&Beyond has established a public/private partnership based on trust and respect that could help secure other species in India in the future ie barasingah, cheetah, lion. Also, &Beyond trained and employed the first female naturalist in India, Ratna Singh. She is now the group training guide. She was instrumental in influencing the decision to train other women in conservation roles in the MP Forestry Department namely as park rangers. &Beyond established its third training school for guides in India, and our renowned guiding techniques have slowly influenced practices in the parks.
What could be the key learnings for India from the wildlife reserves in various African destinations?
Conservation is about managing your herbaceous layer, the grass. Animals can be moved as and when needed but the grass has to grow. If you have good grazing, you can carry large numbers of prey and therefore higher densities of predators. It’s a simple theory but difficult to implement. In some African countries we use fences to protect the grazing for the wildlife by keeping the domestic stock out. This may be the only way to protect the grazing in some Indian Tiger Parks.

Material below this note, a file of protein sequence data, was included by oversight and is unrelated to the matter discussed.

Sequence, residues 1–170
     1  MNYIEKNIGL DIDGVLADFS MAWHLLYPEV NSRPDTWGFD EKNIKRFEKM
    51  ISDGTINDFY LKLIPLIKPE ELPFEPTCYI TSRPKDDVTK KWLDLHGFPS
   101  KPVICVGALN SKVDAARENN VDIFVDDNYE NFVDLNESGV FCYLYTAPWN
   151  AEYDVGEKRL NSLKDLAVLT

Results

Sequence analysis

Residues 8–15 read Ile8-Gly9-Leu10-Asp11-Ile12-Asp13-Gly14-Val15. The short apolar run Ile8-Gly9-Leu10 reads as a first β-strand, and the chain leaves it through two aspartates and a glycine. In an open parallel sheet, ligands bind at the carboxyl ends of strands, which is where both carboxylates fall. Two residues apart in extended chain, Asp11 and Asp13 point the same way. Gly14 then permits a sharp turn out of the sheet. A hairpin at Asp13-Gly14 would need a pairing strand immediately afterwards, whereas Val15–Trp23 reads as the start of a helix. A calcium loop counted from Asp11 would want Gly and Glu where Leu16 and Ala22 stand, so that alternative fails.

We have successfully recreated conservation areas in Africa, using translocation of wildlife as the core action. That means that India can do the same. &Beyond Phinda Private Game Reserve in KwaZulu Natal, South Africa is a shining example. We created a Big Five game reserve from cattle farms 20 years ago, this has influenced others to do the same. It’s a conservation victory for cheetah, lion, elephant, rhino, buffalo.
Properly managed and controlled tourism is a key driver of conservation in Africa, and should be the same in India, but it’s not, because it is not properly managed.
Is there still some hope for tomorrow? What needs to be done?
Yes definitely, I am an eternal optimist. We live in a time when we will either secure our own future on this planet or destroy the very resources we need to survive. Conservation in India is at that same crossroads, pressures are building on all parks, all the time. Corridors are tenuous and many are already cut. But we have the technology to use ‘mechanical migrations’ to maintain genetic vigour. Worldwide securing the parks is our major task. In India, this requirement is driven by the massive growing population and needs national focus. Once the parks are secure, we can reconnect the dots, and rebuild the corridors. But the current situation is that Indian parks are not secure.
The &Beyond model of ‘Care of the Land, Care of the Wildlife, Care of the People’ was developed to demonstrate that a financially sound, wildlife-based tourism operator can make a significant long-term contribution to conservation while promoting sustainable development in rural communities. The model, pioneered 20 years ago, links high net worth guests to wilderness areas, and the resident communities directly benefit from ecotourism.